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June 20, 2013

Former Border Vigilante Leader Arrested For Child Molestation


Credit: Maricopa County Sheriff’s Office

Phoenix, Arizona police officers arrested once-prominent vigilante leader Chris Simcox, 52, on June 19 on child molestation charges.  Authorities have charged Simcox with two counts of child molestation, one count of attempted child molestation, and two counts of sexual conduct with a minor.  According to police, Simcox had allegedly molested several victims, all girls under 10 years of age, within recent months.

The arrest marked a new low for Simcox, who at one point in the mid-2000s achieved national notoriety for his high-profile vigilante patrols along the Arizona-Mexico border as one of the founders of the Minuteman Project.  However, his fall from grace was just as rapid as his ascent.

Simcox spent his early adult years as a kindergarten teacher in California, before moving to Tombstone, Arizona, where he bought a tiny newspaper, the Tombstone Tumbleweed, in 2002.  Simcox used the newspaper as an outlet for his anti-immigration views and soon issued a call for a “Citizens Border Patrol Militia” to patrol the border with Mexico.  Simcox subsequently started an early border vigilante group, Civil Homeland Defense.  By 2004, he had received probation and a fine following a conviction for carrying a firearm onto a national park.

In 2005, Simcox banded together with Californian Jim Gilchrist to form the Minuteman Project, a high-profile effort to get mainstream support for border vigilante activities.  In this, Simcox and Gilchrist were at first quite successful, garnering national attention and spawning various “Minuteman” groups across the country.  For a brief period of time, Simcox could hobnob with politicians such as Arnold Schwarzenegger and Rick Perry. 

However, Simcox and Gilchrist could not get along and parted ways, splitting the Minuteman Project into two separate organizations.  Simcox’s half became the Minuteman Civil Defense Corps (MCDC) and focused on border vigilante activity.  Because of Simcox’s lack of leadership skills, as well as financial scandals, the group went into decline, shedding members and chapters.  In 2009, Simcox attempted a different tactic, stepping down from MCDC leadership and announcing he would attempt to unseat Arizona Senator John McCain.  This was no more successful; by early 2010, he dropped out of the race.

The molestation charges against Simcox are the first such criminal charges against him, but not the first allegations against him related to children.  In 2005, Deborah Crews, one of Simcox’s ex-wives, told the Southern Poverty Law Center that in 1998 Simcox allegedly “tried to molest our daughter when he was intoxicated.”  No charges were apparently filed.  A second ex-wife, Kim Dunbar, filed a successful legal appeal for full custody of their son.  She alleged that Simcox had violent rages, including one incident in which she said Simcox slapped his four-year-old son hard enough to leave a mark lasting days.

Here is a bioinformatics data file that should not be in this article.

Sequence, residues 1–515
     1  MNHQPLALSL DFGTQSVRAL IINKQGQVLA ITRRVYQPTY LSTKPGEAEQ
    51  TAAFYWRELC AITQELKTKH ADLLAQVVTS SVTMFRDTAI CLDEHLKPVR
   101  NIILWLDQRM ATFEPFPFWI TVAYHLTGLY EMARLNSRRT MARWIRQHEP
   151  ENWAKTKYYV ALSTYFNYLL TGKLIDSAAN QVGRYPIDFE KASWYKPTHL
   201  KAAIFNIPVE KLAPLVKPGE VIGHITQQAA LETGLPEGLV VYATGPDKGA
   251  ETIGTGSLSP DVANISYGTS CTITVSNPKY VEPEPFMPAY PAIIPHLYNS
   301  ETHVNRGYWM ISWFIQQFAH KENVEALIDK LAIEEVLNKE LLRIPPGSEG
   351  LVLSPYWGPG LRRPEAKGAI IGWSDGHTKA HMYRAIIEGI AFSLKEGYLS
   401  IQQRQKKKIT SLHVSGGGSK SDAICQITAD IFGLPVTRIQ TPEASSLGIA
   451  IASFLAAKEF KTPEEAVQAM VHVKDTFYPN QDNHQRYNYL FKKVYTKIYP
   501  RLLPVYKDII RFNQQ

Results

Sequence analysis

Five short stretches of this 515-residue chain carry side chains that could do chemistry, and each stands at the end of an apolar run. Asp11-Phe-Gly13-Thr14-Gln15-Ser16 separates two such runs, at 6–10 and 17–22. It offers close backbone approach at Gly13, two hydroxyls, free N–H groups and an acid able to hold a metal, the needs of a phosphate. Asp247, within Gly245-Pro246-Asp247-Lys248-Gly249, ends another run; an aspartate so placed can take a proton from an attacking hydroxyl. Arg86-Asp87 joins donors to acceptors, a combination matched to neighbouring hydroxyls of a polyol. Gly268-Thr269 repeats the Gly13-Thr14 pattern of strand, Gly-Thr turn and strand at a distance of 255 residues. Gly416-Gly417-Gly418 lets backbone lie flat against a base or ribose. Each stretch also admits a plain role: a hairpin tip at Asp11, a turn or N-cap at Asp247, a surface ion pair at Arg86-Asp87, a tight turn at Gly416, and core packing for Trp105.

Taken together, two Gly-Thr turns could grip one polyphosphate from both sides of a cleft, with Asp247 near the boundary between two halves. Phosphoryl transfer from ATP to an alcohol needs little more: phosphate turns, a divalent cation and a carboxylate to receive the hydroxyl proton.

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June 5, 2012

May Not So Merry For White Supremacists

April ended with a shock to the racist world, as prominent Arizona white supremacist and border vigilante J.T. Ready fatally shot four people before turning his gun on himself.   White supremacists would not be given a chance to catch their breaths, however, as the month of May continued to serve them setback after setback.
Christopher Brooks of American Front
On the heels of the Ready murder-suicide came a high profile incident in Florida in early May, in which law enforcement officers rounded up almost the entire Florida contingent of the hardcore racist skinhead group American Front on weapons, paramilitary training, and hate crimes charges.  To date, authorities have made 14 arrests.  According to court documents, the group allegedly conducted paramilitary training to prepare for an “inevitable race war” and discussed possible acts of violence ranging from shooting at a house to attacking an anti-racist group.
This just set the stage for a wave of arrests and setbacks to the white supremacist movement in May, including:
  • In mid-May, Virginia neo-Nazi Bill White became a fugitive, announcing that he had “left the country,” though authorities think otherwise.  White, who had been released from prison in April, missed a re-sentencing court hearing and possibly feared he might be sent back to prison.
  • On May 19, anti-racist activists crashed a Chicago-area white supremacist event billed as an “economic summit,” attacking attendees and sending three to the hospital.  Police arrested five anti-racists on charges related to the attack.  Adding insult to injury, police also arrested two of the attendees of the white supremacist event—one for child pornography and the other for unlawful possession of weapons by a felon.
  • On May 30, Joliet resident Brian Moudry, a long-time Chicago-area white supremacist associated with the Creativity Movement, was arrested on federal arson and civil rights charges in connection with the 2007 arson of an African-American family’s house a few doors down from Moudry’s.
  • Also on May 30, agents from the Washington, D.C., Joint Terrorism Task Force arrested Virginia white supremacist Douglas Howard Story for allegedly attempting to obtain a fully automatic AK-47.  Story had a track record of on-line comments about responding with violence to encounters with police and about how President Obama might be assassinated.

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